Myth No. 2
Prior to the 1980s, physicians were loath to prescribe opioids for chronic pain conditions because that was widely recognized as too risky. That changed when the newly established field of pain medicine began to argue for more widespread use, and this position gained traction in the decades that followed. We thought we could reduce the burden of chronic pain by treating it with opioids. This was an experiment, but prescribing for chronic pain in the United States skyrocketed — which taught us much more about what happens to the brain on opioids and why chronic opioid use is a bad idea. We learned that the brain’s adaptations to chronic opioid use, whether for pain or not, reduce opioids’ effectiveness in providing pain relief, produce side effects that compromise the enjoyment of life, and vastly reduce the drugs’ safety. These adaptations also make it very hard to stop taking opioids.
So why has a cry gone up in the media protesting reductions in opioid prescriptions? Critics of this move claim that cutting back on opioid prescriptions will lead more people in chronic pain to resort to illicit opioids or even to take their own lives. This is a serious misunderstanding. A patient with chronic pain who has never been prescribed opioids is usually responsive to a wide range of non-opioid and behavioral treatments and is rarely suicidal. It is the chronic pain patient who has been prescribed opioids and become dependent who is miserable and indeed vulnerable. This is because opioid dependence can be a wretched state, and having opioids withdrawn becomes more than these patients can bear. Opioid-dependent patients are likely to do best with careful changes in dosage under medical supervision. They can then better incorporate non-opioid and non-pharmaceutical approaches for managing their pain.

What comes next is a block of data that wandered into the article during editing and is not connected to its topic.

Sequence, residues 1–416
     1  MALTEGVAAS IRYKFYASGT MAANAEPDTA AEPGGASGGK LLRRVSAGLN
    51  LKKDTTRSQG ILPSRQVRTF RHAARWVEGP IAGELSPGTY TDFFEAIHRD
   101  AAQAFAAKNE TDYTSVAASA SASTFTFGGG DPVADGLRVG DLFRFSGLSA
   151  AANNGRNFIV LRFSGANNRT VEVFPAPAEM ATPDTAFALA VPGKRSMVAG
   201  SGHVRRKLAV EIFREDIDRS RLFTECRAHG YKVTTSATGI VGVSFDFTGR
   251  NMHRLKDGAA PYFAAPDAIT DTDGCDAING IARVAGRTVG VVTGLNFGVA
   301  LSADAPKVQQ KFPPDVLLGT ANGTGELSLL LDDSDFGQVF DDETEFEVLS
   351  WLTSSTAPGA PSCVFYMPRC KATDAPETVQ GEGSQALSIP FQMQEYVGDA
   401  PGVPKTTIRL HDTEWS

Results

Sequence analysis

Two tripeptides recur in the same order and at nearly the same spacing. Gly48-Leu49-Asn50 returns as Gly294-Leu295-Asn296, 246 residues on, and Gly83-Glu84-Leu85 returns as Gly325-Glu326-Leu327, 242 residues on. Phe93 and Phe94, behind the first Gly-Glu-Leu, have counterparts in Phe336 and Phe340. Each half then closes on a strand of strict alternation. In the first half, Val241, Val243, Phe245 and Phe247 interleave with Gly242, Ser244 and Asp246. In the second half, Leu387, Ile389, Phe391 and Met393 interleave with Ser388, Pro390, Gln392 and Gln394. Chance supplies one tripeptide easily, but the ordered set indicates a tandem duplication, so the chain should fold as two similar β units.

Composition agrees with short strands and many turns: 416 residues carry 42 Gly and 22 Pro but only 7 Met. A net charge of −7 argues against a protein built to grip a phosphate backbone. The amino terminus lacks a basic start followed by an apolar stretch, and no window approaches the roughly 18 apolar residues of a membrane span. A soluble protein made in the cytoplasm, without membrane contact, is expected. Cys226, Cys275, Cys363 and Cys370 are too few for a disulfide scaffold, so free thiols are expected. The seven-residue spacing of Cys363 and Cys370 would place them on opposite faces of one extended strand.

Myth No. 3
That we have a right to pain relief can seem axiomatic, but this belief was not always a given.
The right to pain relief was first established in end-of-life cancer care. In the 1980s, palliative care champions argued for extending this right to patients with chronic pain who did not have cancer and were not dying. They were successful in convincing the medical establishment and the general public of this.